By Barbara Pronin
A land survey, sometimes called a title survey, provides a geographical description of real property. Performed by a professional surveyor, a complete survey documents the property’s boundaries, easements, and improvements. To be acceptable for a title insurer, the survey must be done to minimum standards set forth by ALTA/NSPS in 2016.
For example, there have been cases when buyers found out after taking title that:
- A neighbor’s fence encroaches on the property
- A utility company has access rights to the back yard
- A part of what was thought to be the back yard belongs to a neighbor
Consider the aggravation – and the financial ramifications – if a new owner were to build a structure on a portion of his/her property only to learn that the water company had access rights for maintenance purposes, and the new structure had to be removed.
In fact, most problems involving boundary or easement misunderstandings come to light only after closing, when the new owners wish to make improvements such as adding a pool, a patio, or a building extension – only to learn that their boundaries are not what they thought they were.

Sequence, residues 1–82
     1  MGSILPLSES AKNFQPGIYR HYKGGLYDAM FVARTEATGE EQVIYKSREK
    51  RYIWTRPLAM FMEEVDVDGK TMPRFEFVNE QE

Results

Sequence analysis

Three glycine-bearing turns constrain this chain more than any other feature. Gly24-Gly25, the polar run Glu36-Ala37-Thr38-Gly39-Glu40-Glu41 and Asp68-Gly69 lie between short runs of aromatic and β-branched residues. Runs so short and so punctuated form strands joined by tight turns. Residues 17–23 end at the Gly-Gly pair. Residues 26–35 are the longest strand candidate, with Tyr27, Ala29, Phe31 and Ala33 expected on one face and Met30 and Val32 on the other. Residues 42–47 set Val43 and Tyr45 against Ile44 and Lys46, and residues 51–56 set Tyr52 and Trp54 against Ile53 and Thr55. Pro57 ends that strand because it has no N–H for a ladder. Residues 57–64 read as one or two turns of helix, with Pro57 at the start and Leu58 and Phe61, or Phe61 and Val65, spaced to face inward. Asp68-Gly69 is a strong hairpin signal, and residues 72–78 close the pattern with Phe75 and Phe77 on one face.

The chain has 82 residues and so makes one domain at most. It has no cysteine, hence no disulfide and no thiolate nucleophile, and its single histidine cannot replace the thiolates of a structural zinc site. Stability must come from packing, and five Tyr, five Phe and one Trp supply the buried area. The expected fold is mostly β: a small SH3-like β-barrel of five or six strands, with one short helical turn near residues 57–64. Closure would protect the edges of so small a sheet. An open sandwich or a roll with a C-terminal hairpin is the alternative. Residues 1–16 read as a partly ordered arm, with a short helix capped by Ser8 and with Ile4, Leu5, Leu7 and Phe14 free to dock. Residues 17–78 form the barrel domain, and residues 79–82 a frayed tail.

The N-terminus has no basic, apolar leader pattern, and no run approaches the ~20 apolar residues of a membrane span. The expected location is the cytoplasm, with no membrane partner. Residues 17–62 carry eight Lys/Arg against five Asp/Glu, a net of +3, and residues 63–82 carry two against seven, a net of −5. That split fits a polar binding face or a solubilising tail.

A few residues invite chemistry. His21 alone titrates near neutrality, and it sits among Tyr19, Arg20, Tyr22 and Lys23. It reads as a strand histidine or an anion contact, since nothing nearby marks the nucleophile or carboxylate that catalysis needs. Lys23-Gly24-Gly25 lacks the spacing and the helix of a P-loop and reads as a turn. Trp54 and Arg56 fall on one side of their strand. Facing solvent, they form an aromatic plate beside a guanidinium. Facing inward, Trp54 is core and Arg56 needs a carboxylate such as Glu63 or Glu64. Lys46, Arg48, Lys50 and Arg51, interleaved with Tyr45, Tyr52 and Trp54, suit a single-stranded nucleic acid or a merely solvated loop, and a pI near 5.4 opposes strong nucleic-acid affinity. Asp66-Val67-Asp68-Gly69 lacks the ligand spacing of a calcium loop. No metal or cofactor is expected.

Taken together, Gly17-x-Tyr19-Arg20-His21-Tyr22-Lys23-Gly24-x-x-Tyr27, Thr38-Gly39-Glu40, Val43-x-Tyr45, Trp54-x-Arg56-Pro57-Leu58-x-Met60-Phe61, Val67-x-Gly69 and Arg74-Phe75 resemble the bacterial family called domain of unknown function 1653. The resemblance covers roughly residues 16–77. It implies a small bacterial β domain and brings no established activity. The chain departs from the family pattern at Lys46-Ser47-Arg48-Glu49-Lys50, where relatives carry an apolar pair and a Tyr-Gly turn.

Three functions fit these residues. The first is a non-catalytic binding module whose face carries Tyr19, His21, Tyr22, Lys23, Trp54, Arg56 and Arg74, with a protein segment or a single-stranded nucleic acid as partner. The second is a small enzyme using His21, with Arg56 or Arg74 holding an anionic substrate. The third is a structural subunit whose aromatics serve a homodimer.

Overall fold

Clearly, then, although a current land survey may cost several thousand dollars at a minimum, having a survey done can buy peace of mind for the new owner. Usually, the cost for the survey will be listed as a ‘buyer’s expense’ in the closing paperwork.
It’s worth noting that the question of who pays for the survey may be negotiable – and sometimes, a copy of a survey done previously can be obtained from the seller if he has one. (Unless the seller has since made improvements, such as putting up a new fence, it should suffice.)
In any case, it’s good practice for agents everywhere to educate their buyer clients about the value, as well as the cost, of having a land survey done prior to closing.
Barbara Pronin is an award-winning writer based in Orange County, Calif. A former news editor with more than 30 years of experience in journalism and corporate communications, she has specialized in real estate topics for over a decade.
This material is not intended to be relied upon as a statement of the law, and is not to be construed as legal, tax or investment advice. You are encouraged to consult your legal, tax or investment professional for specific advice. The material is meant for general illustration and/or informational purposes only. Although the information has been gathered from sources believed to be reliable, no representation is made as to its accuracy.
Reprinted with permission from RISMedia. ©2017. All rights reserved.
**There are other issues with neighbors overgrown trees. In Fort Lauderdale, Florida a Survey to best of knowledge is needed in order to fund a mortgage loan.